Oro del Peru: Treasures of the Incas

12 June – 13 July 1986

When in January the National Art Gallery invited us to collaborate in presenting with the Fletcher Challenge Corporation the fabulous "Oro del Peru" exhibition, we were eager to co-operate.

Wherever it has been shown, the Treasures of the Incas collection of 254 objects from the Peruvian Gold Museum in Lima has attracted thousands of fascinated visitors eager to see the exquisite craftsmanship and golden objects of the Inca people and learn about the way of life of this vanished South American civilisation.

This collection of Inca treasures was begun during the 1930s by Miguel Mujica Gallo after the systematic looting of the Peruvian tombs came to his attention. In order to preserve and codify his country's seminal culture, he began buying some of the most important pieces. In 1966 he established the Museum "Oro del Peru" to publicly display his, by then, vast assortment of ancient Peruvian feather-work, textiles, jewellery and objects of gold, silver and copper.

To an economy more accustomed to admiring gold for the capital it represents it comes as a surprise to learn the soft, non-corroding metal was valued by the inhabitants of old Peru not as hard currency but for its aesthetic beauty alone. Gold was discovered in earliest times and, while the nuggets were most likely first used as they could be shaped by hammers without resorting to heat, the systematic mining and smelting of ore and gold dust could have started before the Christian era.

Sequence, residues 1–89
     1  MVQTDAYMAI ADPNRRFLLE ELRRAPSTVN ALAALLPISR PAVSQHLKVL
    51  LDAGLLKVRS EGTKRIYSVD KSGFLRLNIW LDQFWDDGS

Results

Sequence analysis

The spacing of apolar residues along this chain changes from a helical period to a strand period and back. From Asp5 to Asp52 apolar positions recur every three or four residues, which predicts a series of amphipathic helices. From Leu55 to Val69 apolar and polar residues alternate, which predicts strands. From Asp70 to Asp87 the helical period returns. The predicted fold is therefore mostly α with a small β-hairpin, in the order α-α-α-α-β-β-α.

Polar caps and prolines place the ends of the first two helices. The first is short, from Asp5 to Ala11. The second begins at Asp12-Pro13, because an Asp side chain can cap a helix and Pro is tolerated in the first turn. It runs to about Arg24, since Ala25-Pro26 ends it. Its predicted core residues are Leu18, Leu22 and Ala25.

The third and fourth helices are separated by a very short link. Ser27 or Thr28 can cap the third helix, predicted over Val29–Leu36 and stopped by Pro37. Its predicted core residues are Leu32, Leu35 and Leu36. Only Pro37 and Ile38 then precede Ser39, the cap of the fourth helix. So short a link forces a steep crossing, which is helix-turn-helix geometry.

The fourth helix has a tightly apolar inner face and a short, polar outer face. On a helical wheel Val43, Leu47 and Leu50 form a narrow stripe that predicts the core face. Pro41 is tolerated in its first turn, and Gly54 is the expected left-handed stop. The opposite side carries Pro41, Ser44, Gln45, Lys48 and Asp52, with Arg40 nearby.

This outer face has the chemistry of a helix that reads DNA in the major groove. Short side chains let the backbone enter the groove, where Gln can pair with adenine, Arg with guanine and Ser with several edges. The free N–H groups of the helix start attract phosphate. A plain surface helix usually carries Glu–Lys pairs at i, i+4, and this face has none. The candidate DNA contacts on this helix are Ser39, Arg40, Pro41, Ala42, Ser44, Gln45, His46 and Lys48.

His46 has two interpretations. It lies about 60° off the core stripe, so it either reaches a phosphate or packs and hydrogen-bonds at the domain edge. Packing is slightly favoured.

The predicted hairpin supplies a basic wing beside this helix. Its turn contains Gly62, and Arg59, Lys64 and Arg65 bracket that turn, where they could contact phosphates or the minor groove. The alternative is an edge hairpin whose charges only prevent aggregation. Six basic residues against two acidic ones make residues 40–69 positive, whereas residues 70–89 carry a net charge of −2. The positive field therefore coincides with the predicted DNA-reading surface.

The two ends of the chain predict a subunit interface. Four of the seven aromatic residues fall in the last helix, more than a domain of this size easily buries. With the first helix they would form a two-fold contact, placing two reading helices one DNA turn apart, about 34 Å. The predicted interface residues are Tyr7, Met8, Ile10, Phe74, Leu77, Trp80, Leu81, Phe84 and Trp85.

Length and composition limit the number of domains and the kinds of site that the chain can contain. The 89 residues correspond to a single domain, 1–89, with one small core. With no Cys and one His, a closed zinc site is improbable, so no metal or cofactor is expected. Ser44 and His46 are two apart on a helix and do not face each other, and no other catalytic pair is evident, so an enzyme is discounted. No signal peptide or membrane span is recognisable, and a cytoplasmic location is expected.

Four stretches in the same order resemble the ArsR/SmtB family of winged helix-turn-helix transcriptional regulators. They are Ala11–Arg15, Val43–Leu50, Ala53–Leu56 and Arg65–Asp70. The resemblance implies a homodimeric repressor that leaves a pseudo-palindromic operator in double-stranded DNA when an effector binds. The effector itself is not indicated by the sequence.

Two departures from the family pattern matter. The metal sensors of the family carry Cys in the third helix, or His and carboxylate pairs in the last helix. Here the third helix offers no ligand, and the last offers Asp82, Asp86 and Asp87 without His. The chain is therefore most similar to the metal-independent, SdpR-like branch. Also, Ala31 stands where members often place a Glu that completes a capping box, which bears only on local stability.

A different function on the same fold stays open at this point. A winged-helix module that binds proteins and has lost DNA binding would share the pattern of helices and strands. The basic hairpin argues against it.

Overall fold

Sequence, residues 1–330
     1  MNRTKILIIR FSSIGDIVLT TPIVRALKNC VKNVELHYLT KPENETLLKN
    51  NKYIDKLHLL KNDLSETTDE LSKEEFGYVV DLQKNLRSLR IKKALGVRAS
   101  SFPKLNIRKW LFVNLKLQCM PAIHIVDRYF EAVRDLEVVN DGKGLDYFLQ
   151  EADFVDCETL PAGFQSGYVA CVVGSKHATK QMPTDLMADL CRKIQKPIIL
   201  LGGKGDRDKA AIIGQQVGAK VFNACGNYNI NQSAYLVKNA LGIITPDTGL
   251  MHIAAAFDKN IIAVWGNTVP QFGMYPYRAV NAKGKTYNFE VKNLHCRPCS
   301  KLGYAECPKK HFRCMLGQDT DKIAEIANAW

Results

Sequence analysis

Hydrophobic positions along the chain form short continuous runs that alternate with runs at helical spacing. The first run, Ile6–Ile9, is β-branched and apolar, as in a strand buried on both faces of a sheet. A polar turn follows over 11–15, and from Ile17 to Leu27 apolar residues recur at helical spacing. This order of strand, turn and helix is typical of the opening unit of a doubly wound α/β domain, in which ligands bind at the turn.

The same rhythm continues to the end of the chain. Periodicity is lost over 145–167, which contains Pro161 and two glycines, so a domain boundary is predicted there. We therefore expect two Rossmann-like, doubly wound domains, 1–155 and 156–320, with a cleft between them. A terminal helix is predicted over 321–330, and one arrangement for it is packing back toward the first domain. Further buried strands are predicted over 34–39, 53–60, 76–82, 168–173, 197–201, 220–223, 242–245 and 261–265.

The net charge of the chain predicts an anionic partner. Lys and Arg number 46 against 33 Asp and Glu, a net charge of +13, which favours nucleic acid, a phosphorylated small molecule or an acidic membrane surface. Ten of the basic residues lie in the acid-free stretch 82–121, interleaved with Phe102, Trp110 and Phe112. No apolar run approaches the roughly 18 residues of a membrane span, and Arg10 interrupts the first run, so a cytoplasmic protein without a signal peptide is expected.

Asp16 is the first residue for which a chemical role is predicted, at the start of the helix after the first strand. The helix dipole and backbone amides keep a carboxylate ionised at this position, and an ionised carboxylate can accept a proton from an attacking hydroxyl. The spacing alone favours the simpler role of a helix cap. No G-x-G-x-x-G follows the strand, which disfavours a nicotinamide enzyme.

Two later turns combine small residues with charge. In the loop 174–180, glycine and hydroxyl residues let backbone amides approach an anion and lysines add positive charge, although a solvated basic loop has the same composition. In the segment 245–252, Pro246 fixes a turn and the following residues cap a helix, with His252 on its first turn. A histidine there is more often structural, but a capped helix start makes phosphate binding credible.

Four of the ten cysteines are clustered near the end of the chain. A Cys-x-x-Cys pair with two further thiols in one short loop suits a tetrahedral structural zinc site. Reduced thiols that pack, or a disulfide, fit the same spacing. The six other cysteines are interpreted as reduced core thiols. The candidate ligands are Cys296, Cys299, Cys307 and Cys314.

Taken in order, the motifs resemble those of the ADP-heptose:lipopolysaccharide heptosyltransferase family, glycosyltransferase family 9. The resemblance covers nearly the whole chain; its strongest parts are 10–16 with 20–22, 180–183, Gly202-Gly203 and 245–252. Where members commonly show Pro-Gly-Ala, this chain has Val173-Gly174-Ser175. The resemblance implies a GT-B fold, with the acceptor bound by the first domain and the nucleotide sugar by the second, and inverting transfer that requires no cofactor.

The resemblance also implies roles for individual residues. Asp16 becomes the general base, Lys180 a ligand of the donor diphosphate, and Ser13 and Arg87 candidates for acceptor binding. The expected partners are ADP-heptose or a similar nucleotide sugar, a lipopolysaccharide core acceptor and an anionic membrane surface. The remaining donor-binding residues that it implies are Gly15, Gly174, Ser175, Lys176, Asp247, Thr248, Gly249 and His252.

The Peruvians covered temple walls in gold, it was used to decorate the apparel of priests and princes, it had its place in religious ritual and as a mark of class distinction, but it was a means of exchange.

The objects of display in Treasures of the Inca were all found in the ground, in graves for the most part because, like the Egyptians, the nobility of Peru customarily packed their tombs with all they would need in the afterlife. Yet the story would not be complete without giving credit to the nameless Indians who, after witnessing the ruthless Spanish lust for gold, carefully hid whatever objects they could so that later, more considerate generations might witness and wonder at the glory that was Peru.

('ORO del PERU: Treasures of the Incas', Bulletin, No.45, May/June 1986, pp.1-2)